One of the things I enjoy so much about where I’m working these days is the fair amount of freedom I get to produce what I want instead of being held to a list of prescribed recipes and procedures. Once a chef has spent a certain amount of time in self-employment, it is extremely difficult to go into someone else’s kitchen and do their thing their way – just as it would be for anyone in any industry to similarly adapt.
During the Great Job Searches of that dismal year 2012, I purposely avoided applying for employment in any kitchen run by, say, John Besh, Emeril Lagasse or any of the Brennans (among others). There were several reasons, but the chief among them was respect. These folks have excellent reputations and proven track records, and it would be an insult for me to try to “improve” on what they do. Given my junior status in the food industry and my lack of a culinary degree, it would be doubly stupid of me to think I could make their operations better by saying anything more than “yessir” when given a task.
I’m not much of a “yessir” kinda guy. Perhaps it’s because I’ve been my own boss for so long or because my dad was his own boss. Not that I’m uncooperative and not a team player (depending on the team, of course), But “motivational” posters remove my motivation and, for those who think money will motivate me much above simply paying existing bills, the idea of simply working more to make more money is ludicrous at best. I’m all about being a team player if the team doesn’t suck. Hence my failure at most team sports in high school and, very briefly, college.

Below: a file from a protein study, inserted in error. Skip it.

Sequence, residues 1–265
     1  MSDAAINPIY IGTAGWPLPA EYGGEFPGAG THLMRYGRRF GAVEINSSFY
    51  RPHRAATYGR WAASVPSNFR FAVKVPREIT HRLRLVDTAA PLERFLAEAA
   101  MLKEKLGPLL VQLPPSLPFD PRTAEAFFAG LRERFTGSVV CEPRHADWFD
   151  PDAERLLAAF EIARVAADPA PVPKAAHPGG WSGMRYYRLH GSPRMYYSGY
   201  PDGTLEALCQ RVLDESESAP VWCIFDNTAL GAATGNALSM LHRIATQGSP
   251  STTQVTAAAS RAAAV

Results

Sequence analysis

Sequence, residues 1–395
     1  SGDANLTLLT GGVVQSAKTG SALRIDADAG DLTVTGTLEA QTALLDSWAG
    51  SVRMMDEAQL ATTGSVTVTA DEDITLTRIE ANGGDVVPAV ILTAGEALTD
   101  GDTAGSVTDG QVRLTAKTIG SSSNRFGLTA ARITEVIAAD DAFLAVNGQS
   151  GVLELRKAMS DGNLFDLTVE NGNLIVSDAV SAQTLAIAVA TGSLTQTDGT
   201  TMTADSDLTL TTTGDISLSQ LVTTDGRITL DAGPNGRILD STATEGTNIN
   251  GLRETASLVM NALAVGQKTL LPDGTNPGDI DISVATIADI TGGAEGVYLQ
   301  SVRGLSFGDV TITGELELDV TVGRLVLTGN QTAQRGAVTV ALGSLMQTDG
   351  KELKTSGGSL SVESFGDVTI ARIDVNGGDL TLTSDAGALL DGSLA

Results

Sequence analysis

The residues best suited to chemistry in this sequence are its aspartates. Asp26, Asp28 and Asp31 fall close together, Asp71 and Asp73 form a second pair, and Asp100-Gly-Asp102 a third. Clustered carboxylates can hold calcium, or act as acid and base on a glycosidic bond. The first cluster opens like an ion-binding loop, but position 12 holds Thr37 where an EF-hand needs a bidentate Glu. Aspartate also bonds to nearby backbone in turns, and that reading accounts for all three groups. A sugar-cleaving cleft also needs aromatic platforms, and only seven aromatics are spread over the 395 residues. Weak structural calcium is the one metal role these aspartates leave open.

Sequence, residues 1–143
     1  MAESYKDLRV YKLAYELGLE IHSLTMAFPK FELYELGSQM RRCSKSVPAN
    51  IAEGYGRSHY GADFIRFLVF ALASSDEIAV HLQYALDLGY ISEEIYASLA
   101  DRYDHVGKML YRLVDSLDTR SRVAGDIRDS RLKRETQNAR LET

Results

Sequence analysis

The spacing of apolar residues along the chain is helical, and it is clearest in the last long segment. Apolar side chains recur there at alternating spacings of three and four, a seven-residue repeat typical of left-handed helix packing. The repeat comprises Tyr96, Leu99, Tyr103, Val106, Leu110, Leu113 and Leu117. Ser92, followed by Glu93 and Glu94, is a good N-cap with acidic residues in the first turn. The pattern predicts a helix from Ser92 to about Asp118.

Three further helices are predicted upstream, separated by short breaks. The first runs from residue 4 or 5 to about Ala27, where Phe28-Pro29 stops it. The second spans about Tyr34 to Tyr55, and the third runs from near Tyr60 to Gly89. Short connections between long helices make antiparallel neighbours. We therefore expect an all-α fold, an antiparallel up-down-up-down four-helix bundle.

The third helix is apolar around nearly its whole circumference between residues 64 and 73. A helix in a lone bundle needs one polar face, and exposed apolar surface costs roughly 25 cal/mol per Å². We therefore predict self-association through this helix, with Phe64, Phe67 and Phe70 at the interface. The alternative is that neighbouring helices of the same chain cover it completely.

It’s not that I have to make the rules. Convince me your rules are solid and I’m your guy. Most any of us who are engaged in a creative endeavor, such as in a good kitchen, are ready to take anything for the team as long as we’re convinced the team’s cause is just and the goal attainable. We’ll glad fight for the former even if the latter isn’t realistic, as long as we feel we’re respected for the effort. It’s complicated, but it’s not.
That said, there are two types of folks in a commercial kitchen. Both are equally valuable and a good kitchen has both. There are the creators and the doers. The creators come up with the ideas and the doers implement them flawlessly, night after night. Good creators can implement. Good doers are creative. Any head chef who thinks his/her rule is law is arrogant. Any line cook who loses the desire to be anything more than a line cook will always be nothing more than that. In the best kitchens, both learn from each other every day.
So – I am all about the creative and the freedom to be so. But as much as I’ve been about crusting tuna with pistachio or stuffing salmon with various things over the past week or two, I have also been turning a lot toward some basics and enjoying them tremendously. My 1960s mom would be so proud. This time of year, I’d suggest a couple of things….
1) King Ranch chicken: get a $7 rotisserie chicken from someplace, tear it up and let ‘er rip. There are a dozen different ways to make it and it’s done in 30 minutes. It’s even better the next day. And, no, the King Ranch in South Texas lays no claim to it. Not sure where the name came from.
2) Frito pie: It’s Fritos (FRITOS!) with chili and anything else you want put on top. Include lots of shredded cheese. Your soul will thank you. You heart will not. But isn’t that usually the case?
Damn. Now I’m hungry…
Craig Giesecke has been a broadcaster and journalist for over 30 years, including nearly two decades at the AP and UPI covering news, sports, politics, food and travel. He has been the owner of J’anita’s for five years, serving well-reviewed upscale bar food and other dishes. Comments are encouraged and welcomed.